Rickets – a childhood bone condition caused by vitamin D deficiency – may have been rife in 18th century England but scientists say poor working and living conditions cannot be blamed entirely.
Researchers believe they have found new evidence that suggests vitamin D deficiencies among those who lived during the Industrial Revolution in England may have been seasonal, caused by reduced exposure to sunlight in the winter months.
An international team of scientists from the UK, Australia and New Zealand, analysed the teeth of 25 people uncovered at an 18th-19th century burial site in North Shields, a town on the north side of the River Tyne.
The researchers said they found markers associated with vitamin D deficiency inside a majority (76%) of the teeth analysed.
These markers were found to occur regularly – in annual increments – in many of the dental samples, suggesting vitamin D deficiency to be a seasonal disorder, the researchers said.
Findings also showed vitamin D deficiency to be more prevalent in males compared with females but the researchers said social dynamics – such as gendered work practices in industrial England – may have played a role.
Dr Annie Sohler-Snoddy, research fellow in the University of Otago in New Zealand, said their work, published in the journal Plos One, is the first clear evidence of seasonal vitamin D deficiency in an archaeological sample.
She said it has always been assumed that diseases caused by vitamin D deficiency – such as rickets – was “due to more people, including children, working long hours indoors, living in crowded housing and in smog-filled environments”.
But she added that while these factors may have contributed to those people not getting enough sunlight, the findings suggest it was “more complicated than the factors associated with the industrial revolution like working indoors more”.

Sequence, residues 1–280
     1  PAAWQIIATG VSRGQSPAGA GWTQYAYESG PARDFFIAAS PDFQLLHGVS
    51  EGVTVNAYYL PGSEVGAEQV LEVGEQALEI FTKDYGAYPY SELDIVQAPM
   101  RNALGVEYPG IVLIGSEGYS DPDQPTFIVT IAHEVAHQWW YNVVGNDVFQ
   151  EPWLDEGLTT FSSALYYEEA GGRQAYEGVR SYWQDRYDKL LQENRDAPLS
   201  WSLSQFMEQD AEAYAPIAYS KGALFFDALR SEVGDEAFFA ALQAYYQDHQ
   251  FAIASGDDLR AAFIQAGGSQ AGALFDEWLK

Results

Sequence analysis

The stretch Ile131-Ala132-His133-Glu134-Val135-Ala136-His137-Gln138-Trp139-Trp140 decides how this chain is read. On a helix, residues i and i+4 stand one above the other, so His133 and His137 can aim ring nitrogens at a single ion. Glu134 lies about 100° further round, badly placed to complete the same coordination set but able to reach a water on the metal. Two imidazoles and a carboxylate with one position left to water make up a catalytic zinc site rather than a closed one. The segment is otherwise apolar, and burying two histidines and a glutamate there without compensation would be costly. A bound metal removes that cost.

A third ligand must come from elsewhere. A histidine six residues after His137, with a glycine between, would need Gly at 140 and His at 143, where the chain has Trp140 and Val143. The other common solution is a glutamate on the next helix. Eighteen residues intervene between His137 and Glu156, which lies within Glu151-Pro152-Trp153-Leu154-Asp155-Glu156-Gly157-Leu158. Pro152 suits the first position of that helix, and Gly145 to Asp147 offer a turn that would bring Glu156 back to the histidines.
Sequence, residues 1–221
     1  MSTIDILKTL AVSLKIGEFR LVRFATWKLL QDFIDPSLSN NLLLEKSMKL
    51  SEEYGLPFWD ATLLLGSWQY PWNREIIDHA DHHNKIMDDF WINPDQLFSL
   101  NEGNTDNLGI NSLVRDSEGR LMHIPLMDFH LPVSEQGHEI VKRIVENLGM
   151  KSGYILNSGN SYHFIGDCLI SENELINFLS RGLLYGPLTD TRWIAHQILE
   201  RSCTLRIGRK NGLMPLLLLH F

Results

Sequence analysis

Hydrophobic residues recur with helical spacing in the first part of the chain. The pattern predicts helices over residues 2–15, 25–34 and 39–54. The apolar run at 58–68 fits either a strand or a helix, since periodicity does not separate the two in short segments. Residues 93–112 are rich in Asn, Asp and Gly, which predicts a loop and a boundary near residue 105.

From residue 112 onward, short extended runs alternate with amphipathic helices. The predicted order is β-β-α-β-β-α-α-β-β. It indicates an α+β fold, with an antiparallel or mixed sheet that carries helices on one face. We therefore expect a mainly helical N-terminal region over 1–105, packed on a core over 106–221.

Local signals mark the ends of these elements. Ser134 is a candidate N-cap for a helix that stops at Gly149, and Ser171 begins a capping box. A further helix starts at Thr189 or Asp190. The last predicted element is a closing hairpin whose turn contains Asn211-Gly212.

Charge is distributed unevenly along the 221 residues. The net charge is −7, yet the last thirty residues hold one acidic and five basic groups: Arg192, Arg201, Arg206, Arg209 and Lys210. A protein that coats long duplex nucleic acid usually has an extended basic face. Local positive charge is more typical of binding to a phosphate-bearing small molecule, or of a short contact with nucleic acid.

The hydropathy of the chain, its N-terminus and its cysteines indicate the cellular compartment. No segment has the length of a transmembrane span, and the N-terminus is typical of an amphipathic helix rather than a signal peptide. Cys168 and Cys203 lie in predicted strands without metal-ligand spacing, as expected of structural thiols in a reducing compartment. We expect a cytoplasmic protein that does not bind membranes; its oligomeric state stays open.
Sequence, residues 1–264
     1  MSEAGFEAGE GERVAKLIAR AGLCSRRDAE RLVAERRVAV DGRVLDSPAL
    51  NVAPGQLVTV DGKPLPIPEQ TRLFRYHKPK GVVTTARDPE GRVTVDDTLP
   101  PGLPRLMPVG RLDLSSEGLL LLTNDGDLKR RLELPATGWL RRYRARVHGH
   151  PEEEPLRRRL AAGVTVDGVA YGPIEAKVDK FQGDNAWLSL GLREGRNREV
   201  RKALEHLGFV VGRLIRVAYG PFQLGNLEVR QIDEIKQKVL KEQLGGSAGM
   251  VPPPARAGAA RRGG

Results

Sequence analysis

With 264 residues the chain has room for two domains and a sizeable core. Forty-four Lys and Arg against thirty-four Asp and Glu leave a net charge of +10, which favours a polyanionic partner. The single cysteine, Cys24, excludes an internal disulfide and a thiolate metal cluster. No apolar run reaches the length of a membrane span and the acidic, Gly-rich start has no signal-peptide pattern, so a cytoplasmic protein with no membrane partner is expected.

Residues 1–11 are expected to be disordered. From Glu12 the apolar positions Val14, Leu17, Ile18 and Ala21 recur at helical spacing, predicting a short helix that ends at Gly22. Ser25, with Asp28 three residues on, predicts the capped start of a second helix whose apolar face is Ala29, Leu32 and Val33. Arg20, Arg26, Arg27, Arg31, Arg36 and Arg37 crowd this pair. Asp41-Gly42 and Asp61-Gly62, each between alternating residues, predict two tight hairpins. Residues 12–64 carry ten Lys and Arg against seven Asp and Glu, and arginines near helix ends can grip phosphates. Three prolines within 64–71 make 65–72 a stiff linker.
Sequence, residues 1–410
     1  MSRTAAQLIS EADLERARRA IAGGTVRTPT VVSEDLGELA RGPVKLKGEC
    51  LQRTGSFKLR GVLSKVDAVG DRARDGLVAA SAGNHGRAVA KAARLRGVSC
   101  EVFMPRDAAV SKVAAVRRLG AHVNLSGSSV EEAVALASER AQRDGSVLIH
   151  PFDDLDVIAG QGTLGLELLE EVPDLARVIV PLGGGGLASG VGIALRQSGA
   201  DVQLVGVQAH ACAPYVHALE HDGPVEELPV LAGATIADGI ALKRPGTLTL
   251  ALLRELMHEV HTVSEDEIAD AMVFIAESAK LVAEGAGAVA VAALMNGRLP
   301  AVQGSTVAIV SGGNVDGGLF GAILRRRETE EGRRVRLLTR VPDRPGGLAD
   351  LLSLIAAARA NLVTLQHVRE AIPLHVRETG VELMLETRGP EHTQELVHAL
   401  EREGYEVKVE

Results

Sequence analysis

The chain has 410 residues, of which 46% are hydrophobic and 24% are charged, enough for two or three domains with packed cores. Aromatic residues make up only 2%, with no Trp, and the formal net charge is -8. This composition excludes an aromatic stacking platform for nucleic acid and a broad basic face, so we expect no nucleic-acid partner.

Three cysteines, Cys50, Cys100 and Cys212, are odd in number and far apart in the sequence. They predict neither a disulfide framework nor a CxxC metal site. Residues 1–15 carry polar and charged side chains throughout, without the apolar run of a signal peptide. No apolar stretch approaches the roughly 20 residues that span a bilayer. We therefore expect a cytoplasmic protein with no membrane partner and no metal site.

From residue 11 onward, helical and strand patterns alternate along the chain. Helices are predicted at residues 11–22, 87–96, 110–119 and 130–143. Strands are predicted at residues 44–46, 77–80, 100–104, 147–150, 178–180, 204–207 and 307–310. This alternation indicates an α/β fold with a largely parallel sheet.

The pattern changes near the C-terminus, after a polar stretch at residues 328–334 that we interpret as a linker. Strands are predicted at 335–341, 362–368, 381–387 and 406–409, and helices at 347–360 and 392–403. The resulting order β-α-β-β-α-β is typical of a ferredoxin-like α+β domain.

Dr Sohler-Snoddy said her research “highlights that latitude and seasonal lack of sunlight was a major factor in the amount of vitamin D these people could make in their skin.”
The scientists also said a poor diet may have also played a role, adding that despite living close to the coast, these people consumed very little marine fish, “an important dietary source of vitamin D that may have acted as a buffer to seasonal deficiency”.
Today, having low levels of vitamin D is associated with several negative health outcomes, including increased risk for infectious diseases, cardiovascular disease and cancers.
However, Dr Sohler-Snoddy said vitamin D deficiency has been an ongoing problem in society and it is important to study what happened in the past in order to inform modern approaches to treating the condition.
She said: “We tend to think of archaeological human remains as belonging to a different world, but our biology hasn’t changed in the last 200 years.
“Teeth provide a really important source of information for archaeologists as they form in a very precise chronology and, importantly, their tissues do not change over the lifespan.
“This means that they lock in a record of a person’s development and this stays with them until they die, or the tooth is lost.
“Understanding how vitamin D deficiency impacted past populations and why gives us an important deep-time perspective on the disease.”